- Episode Description
Why did Washington, DC become our capital and not, say, St. Louis? And who took a bite out of the District of Columbia - which was planned as a perfect diamond? Political and legal decisions often overrule precedent and planning - and even reason. Will our map stay as it is today? Are our borders finally set in stone? Well, that's probably up to the politicians and the voters as much as anything else.moreless
- Cast & Crew
Mark Stein (I)
H. W. Brands
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- Trivia & Quotes
Brian: So, who drew the map of the United States? Well, we did. Whether we're declaring our independence, picking a new president or adding a new star to our flag, we've shaped our history and our states through the simple act of voting.
Brian: LA makes it so easy, it's hard to come up with an excuse for not voting.
Max: Twenty minutes ago I was ... sitting in my house in my underwear and now I've voted. And, uh, I think if I can do that than that guy can vote, too.
Brian: And you've just assured a place in this series, by the way.
Max: Congratulations to me.
Brian: Yeah, Max, you're definitely in this show.
H.W.: California filled up with people far faster than anybody knew that it would because of the discovery of gold there. There were a hundred thousand people in California banging to be admitted to the union.
Brian: Californians joined the U.S. - but only on their terms. They drew their own oversized borders and told Congress "Take it or leave it". Why did Congress take it?
Mark: There was tremendous fear that California, and with it probably all the land, uh, west of the ... Rocky Mountains, may go off and become its own republic, so they said to California "Okay, we'll accept your boundaries".
Brian: Today, California is still a powerhouse. If it seceded, it would be the world's eighth largest economy.
Dr. Kern: When you get to Ohio, it is the very first state carved out of the public land system of the United States. Ohio was kind of a guinea pig for the country.
Mark: The process for becoming a state is not in the constitution, and so there's a separate piece of legislation that they passed , the ordinance of 1787.
Brian: This ordinance included the instruction manual for shaping states. First, there's a territory. Then, it can apply to become a state. This was a radical shift from everything that had been tried before.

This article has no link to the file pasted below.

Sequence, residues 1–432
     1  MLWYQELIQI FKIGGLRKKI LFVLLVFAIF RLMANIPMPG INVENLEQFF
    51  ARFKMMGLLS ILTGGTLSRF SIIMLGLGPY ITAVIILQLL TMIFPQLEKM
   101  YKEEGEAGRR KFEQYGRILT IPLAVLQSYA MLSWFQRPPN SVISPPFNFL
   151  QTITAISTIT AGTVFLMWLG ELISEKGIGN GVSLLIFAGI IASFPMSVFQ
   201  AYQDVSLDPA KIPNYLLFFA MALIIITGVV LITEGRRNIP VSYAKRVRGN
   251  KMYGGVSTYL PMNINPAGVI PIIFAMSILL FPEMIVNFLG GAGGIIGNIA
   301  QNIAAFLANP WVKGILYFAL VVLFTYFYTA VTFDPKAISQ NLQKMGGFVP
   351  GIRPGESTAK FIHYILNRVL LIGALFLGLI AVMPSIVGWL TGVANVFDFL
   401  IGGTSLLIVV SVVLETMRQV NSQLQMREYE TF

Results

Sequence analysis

H. W.: This was novel and revolutionary - because - previously, when countries expanded, the new regions weren't admitted as the equals, they were created as colonies, they were subordinate.
Brian: Ohio, the heart of America. It's clearly a state, right? Well, according to some ... No. Why not? Well, Ohio was the first state created out of the new territory in the West; but to be an official state, you need some documents. It all came out in 1953. Ohio wanted to celebrate its 150th birthday - but the festivities took a strange turn. Officials discovered they'd never received something important : an official proclamation of their statehood. They wanted one - and fast.
Dr. Kern: So you actually had Dwight David Eisenhower himself signing this, this document retroactively making Ohio a state in, in 1803.
Brian: So, so what you're saying is that Ohio was missing its birth certificate?
Jennifer Brunner, who appears on the show to explain gerrymandering, is a former Secretary of State from host Brian Unger's home state - Ohio. Also appearing are Dr. Kevin F. Kern of the University of Akron; author Don Fabor; Columbus, Ohio Mayor Michael B. Coleman; George Wunderlich of the National Museum of Civil War Medicine; urban explorer Vaughn Edelson; historian C.R. Gibbs and Mike Panetta, the "Shadow" Representative of Washington, D.C.
In addition to Lenny Williams and Chris Biondo, music for this episode was provided by Audio Network, Clean Cuts, Extreme Music, Jingle Punks, Music Box and Produkt Sound.